"We'll invest in things that are going to help them move to new consumption and new technology models. Not in being a traditional reseller," he said.

Those investments can come in different flavors, depending on what the partner is looking to achieve, Enzweiler said.

A global systems integrator might need engineering assistance in building an add-on solution; another might be looking for "funded heads" to work with practice leaders. Other partners might want help launching go-to-market efforts or joint marketing or training.

For one large Red Hat partner, Skokie, Ill.-based Forsythe Technology, Red Hat's flexibility in assessing its channel has been a useful trait over the years as its own business model adapted to the times.

Brian Peterson, vice president of systems at Forsythe, told CRN the shifting incentive strategy reflects the evolving nature of how partners of all stripes conduct business.

Solution providers that seek longevity need to be willing to pivot to new technology realities, and it helps to have a vendor partner anticipating that evolution and looking to support emerging practice models, he added.

"We've had to reinvent ourselves as a reseller 10 times," Peterson told CRN. "Red Hat is willing to look at us like a service provider, reseller, provider of technology."

That evolution from VAR to selling services, to managed services, to hosting, is the reason that Forsythe survived major disruptions that laid waste to so many other IT services companies, he said.

One reason Red Hat is ahead of the curve, Peterson believes, is that the company doesn't have two decades of channel history to unravel.

"The culture is different," he said. "That's probably related to open-source and the way they operate."

While straight reselling is an increasingly uphill business model, there are higher-margin annuities to be earned from professional services, managed services and hosting, Peterson told CRN.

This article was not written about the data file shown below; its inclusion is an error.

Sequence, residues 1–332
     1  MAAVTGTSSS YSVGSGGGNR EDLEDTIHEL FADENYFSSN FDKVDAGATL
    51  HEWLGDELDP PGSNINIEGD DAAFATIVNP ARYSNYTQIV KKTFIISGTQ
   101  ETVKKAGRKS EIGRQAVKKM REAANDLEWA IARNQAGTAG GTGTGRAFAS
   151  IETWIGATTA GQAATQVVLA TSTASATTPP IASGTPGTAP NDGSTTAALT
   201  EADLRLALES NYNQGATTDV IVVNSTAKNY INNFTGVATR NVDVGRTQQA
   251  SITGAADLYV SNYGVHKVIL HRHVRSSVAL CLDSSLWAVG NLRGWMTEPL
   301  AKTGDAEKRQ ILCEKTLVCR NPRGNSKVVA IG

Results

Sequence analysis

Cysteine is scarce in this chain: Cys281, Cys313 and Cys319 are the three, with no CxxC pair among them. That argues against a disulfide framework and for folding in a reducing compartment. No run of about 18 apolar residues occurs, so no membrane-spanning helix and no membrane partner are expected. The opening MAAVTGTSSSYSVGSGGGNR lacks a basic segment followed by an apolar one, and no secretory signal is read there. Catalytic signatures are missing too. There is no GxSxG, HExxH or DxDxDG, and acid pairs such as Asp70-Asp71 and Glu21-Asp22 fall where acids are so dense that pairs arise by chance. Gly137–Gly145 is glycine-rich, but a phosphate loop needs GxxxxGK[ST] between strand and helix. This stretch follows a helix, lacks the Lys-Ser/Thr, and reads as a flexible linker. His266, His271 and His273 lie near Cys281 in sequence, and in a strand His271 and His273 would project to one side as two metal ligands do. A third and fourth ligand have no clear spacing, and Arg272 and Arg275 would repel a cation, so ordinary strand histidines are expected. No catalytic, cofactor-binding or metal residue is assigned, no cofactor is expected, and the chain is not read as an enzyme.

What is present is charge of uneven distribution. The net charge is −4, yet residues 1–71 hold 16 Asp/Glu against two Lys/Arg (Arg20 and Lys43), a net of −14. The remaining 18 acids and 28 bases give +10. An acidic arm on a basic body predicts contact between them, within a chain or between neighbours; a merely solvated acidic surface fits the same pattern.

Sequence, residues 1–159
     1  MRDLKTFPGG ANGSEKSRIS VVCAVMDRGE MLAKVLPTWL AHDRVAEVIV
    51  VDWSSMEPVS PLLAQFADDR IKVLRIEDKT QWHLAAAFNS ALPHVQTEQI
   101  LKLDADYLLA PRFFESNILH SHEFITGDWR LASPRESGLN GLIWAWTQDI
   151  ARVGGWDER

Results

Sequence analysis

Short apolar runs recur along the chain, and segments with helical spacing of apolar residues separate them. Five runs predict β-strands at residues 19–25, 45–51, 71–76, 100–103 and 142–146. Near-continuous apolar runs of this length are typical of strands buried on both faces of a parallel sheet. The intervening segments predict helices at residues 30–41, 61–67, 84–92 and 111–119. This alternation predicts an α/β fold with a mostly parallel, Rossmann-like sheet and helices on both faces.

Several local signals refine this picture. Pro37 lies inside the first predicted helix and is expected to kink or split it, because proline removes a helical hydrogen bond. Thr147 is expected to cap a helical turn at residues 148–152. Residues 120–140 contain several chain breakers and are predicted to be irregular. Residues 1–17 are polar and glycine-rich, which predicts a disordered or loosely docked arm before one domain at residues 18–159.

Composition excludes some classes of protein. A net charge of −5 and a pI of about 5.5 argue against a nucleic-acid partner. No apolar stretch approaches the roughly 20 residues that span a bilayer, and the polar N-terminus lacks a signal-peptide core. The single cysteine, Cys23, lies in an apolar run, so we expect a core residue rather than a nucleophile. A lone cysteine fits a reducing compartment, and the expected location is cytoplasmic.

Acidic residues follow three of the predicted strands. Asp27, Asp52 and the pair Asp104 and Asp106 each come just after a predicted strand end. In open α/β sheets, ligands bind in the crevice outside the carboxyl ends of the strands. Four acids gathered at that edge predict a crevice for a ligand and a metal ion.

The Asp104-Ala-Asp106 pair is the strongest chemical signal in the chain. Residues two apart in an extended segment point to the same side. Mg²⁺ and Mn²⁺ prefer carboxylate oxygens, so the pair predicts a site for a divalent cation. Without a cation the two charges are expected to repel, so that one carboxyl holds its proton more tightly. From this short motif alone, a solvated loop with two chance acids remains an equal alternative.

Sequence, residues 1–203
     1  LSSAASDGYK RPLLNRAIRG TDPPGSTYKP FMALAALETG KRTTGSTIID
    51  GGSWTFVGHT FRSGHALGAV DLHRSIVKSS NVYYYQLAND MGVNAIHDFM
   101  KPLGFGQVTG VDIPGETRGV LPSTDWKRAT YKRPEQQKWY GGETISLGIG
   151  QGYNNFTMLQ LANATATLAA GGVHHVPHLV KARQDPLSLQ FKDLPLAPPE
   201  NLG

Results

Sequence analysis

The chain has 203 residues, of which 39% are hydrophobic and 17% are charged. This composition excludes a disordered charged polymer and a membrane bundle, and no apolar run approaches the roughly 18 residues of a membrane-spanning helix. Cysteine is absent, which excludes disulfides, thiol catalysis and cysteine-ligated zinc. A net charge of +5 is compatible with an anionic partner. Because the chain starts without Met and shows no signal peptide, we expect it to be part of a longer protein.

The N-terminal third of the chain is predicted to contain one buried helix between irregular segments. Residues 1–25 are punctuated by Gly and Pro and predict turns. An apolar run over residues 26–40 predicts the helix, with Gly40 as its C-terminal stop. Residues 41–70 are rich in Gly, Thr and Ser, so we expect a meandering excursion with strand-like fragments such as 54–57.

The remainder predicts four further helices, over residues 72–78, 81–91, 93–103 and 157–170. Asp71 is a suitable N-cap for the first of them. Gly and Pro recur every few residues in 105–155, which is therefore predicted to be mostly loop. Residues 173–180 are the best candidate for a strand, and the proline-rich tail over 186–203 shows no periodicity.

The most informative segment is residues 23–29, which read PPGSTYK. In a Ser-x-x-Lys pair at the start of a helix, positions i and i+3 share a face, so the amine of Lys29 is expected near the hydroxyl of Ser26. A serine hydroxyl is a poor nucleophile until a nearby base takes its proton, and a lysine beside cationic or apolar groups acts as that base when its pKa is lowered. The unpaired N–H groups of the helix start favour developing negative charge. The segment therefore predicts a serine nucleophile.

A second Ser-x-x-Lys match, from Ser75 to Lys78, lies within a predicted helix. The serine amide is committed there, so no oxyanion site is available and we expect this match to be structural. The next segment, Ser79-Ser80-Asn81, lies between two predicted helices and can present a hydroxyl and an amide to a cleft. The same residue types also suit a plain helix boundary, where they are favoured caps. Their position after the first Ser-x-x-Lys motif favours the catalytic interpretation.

That's particularly true for open-source products, which offer customers serious value, but aren't easy to implement.

"The great part of it is that customers need it," Peterson said. "Almost all customers need managed services."

Enzweiler told CRN that partners still dependent on the legacy VAR model will not be left behind.

"We do not want to disenfranchise any partner," he said, "so we have a way for them to participate consistent with how the customer wants to buy, and make investments in them so they can shift their model."

And it's important to remember that changing the program isn't a matter of flipping a switch, Enzweiler said.

The strategy will be executed over time, informed by discussions with partners and focusing on emerging technologies -- products beyond Red Hat Enterprise Linux, he said.

The process started late last year with 10 OpenStack partners. In March, the new approach was expanded to cloud and services providers.

"Red Hat doesn't do things with a lot of fanfare," Enzweiler said. "We didn't want to make a big deal. But it's off to a good start."